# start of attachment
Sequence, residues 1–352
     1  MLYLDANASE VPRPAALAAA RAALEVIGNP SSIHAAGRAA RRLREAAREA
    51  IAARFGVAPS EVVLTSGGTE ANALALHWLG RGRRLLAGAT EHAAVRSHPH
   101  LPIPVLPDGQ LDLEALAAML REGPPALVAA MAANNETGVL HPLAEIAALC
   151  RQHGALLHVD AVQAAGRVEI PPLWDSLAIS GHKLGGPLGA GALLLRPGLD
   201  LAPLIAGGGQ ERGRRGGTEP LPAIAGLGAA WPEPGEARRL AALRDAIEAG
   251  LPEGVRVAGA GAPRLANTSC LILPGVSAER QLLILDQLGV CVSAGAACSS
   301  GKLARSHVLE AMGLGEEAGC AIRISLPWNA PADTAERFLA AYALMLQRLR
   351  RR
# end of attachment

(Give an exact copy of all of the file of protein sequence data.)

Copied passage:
Sequence, residues 1–352
     1  MLYLDANASE VPRPAALAAA RAALEVIGNP SSIHAAGRAA RRLREAAREA
    51  IAARFGVAPS EVVLTSGGTE ANALALHWLG RGRRLLAGAT EHAAVRSHPH
   101  LPIPVLPDGQ LDLEALAAML REGPPALVAA MAANNETGVL HPLAEIAALC
   151  RQHGALLHVD AVQAAGRVEI PPLWDSLAIS GHKLGGPLGA GALLLRPGLD
   201  LAPLIAGGGQ ERGRRGGTEP LPAIAGLGAA WPEPGEARRL AALRDAIEAG
   251  LPEGVRVAGA GAPRLANTSC LILPGVSAER QLLILDQLGV CVSAGAACSS
   301  GKLARSHVLE AMGLGEEAGC AIRISLPWNA PADTAERFLA AYALMLQRLR
   351  RR